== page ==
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Conservatives defect to UKIP over gay marriage law

Conservatives defect to UKIP over gay marriage law

Conservative voters have defected to a right-wing and anti-European Union party after the government announced their proposal for gay marriage, polls have shown today (16 December).

The UK Independence Party (UKIP)’s leader, Nigel Farage, has pledged to exploit divisions in the Conservative party over the issue, hoping to woo people who are against marriage equality.

In three polls it showed support for the party has grown putting it in third place ahead of the Liberal Democrats.

One from ComRes stated British people rated the Labour party with 39% support, the Conservatives with 29%, and UKIP have 14%.

All three surveys had the Liberal Democrats, whose leader Nick Clegg first said gay people should be able to marry in churches, trailing in fourth on 9% or less.

Andrew Hawkins, chairman of ComRes, said one in five of the Conservative party’s 2010 voters say they now intend to vote UKIP.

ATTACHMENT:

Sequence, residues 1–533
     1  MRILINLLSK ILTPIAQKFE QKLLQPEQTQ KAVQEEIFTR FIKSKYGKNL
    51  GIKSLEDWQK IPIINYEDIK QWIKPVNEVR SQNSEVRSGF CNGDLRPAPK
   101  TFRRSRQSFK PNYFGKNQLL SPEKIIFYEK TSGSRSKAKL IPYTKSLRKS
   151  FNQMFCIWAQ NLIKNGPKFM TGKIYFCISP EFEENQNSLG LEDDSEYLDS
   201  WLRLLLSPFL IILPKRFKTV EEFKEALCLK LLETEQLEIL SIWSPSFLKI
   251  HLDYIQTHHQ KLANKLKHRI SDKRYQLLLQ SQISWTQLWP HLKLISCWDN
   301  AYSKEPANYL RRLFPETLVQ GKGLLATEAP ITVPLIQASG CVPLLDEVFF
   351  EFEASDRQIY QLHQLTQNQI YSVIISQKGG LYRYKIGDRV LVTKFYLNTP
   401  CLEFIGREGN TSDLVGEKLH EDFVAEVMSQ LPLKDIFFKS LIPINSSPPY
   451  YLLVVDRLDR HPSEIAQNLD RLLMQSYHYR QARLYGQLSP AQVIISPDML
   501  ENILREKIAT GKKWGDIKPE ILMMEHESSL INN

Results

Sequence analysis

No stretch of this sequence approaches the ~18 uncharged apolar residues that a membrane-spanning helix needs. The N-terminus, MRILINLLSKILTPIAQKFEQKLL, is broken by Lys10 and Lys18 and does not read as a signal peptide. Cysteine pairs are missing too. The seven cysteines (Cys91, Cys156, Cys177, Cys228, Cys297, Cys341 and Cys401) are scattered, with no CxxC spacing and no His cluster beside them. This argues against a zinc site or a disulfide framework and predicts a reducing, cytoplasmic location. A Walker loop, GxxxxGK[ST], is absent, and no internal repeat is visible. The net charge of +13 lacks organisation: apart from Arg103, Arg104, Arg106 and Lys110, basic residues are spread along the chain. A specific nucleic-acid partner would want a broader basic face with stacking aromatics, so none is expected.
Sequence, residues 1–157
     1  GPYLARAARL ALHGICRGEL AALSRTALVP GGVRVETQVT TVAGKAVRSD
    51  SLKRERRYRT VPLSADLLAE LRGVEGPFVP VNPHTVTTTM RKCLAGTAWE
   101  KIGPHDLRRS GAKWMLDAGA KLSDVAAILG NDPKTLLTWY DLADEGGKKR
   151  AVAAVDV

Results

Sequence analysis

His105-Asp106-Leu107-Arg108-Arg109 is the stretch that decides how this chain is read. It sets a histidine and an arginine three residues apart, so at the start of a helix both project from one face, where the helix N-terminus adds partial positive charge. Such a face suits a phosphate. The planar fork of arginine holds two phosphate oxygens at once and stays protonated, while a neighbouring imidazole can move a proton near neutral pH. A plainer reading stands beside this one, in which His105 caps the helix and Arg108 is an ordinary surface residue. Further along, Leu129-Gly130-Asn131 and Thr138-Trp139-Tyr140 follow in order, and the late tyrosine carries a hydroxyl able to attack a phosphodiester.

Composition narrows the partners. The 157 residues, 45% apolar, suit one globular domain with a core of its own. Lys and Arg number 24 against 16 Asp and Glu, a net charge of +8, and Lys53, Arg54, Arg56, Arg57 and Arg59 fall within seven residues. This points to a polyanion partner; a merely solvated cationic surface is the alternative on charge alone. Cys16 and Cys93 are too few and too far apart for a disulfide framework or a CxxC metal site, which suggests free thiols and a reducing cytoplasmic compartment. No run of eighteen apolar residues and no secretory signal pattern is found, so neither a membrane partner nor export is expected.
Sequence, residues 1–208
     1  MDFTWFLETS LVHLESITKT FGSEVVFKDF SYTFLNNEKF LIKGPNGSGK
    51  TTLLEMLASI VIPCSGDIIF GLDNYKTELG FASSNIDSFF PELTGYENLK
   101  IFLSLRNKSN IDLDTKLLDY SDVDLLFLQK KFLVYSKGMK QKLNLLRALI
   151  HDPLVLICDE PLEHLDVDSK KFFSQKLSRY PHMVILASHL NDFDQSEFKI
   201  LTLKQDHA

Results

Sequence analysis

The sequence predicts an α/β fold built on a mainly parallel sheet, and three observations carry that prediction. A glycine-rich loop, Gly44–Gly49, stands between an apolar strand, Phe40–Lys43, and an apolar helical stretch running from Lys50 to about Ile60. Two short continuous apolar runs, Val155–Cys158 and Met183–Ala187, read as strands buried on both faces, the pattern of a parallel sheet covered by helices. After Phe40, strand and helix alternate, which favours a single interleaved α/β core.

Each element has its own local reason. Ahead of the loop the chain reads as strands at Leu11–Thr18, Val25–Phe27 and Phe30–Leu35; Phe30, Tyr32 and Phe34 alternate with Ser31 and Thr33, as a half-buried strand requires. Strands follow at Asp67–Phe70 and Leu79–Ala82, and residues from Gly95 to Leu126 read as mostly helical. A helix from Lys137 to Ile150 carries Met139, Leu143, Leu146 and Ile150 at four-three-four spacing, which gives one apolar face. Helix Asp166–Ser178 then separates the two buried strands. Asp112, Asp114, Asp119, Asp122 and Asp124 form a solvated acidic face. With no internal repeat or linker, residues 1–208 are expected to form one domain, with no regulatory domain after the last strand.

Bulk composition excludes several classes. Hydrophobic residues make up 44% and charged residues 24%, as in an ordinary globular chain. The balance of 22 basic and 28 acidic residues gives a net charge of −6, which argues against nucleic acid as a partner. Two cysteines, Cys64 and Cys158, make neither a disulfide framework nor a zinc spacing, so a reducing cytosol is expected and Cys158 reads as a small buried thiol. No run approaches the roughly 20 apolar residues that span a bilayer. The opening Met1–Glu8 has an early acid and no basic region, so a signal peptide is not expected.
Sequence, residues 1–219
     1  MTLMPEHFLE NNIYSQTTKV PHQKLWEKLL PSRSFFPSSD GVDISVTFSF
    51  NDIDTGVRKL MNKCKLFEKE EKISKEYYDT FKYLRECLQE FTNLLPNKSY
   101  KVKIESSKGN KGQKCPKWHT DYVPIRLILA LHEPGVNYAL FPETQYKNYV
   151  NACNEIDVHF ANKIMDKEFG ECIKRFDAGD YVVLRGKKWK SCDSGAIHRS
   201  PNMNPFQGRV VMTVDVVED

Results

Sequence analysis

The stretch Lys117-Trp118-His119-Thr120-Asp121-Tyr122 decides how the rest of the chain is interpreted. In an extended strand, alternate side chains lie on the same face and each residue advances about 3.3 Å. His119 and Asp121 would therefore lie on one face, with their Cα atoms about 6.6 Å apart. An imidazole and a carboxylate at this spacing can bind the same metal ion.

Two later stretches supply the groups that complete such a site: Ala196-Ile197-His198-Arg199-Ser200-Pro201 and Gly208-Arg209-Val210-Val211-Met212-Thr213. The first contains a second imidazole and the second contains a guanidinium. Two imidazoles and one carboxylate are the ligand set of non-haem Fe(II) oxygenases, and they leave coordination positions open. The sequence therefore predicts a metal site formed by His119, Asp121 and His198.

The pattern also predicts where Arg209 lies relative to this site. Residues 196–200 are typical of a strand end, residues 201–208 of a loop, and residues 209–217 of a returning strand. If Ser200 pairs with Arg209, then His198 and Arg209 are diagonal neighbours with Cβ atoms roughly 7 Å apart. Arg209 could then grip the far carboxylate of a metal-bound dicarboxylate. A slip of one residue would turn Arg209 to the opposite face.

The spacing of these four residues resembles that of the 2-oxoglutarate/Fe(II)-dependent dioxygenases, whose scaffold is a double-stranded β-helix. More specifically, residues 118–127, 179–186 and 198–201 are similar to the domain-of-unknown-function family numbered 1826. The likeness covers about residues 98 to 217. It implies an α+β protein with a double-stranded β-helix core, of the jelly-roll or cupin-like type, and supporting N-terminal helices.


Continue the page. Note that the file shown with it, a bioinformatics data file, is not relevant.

‘There is good evidence that many UKIP voters are erstwhile Conservatives on the rebound: large proportions are negative about David Cameron and George Osborne on the economy, and about Mr Cameron’s handling of gay marriage,’ he said.

In the gay marriage proposal on Tuesday (11 December), Equalities Minister Maria Miller unveiled the government’s plans to support gay people marrying in religious buildings.

As part of the legislation, there will be a ‘quadruple lock’ to ensure no gay couple is able to sue a religious organization for refusing to hold a same-sex ceremony.

The Church of England and Wales are also banned from ‘opting in’ to the legislation, an action the Archbishop of Wales described as a ‘step too far’.

Speaking to Sky News, Farage said: ‘Unless we see some really substantial change from the government and the Labour party with a U-turn on Europe, open-door immigration, gay marriage and other things, then there’s no reason to think that this level of support for UKIP can’t be maintained.’

Support for gay marriage has grown in the last week, with 60% of Britons supporting the change since the proposal was announced – up from 43% two months ago.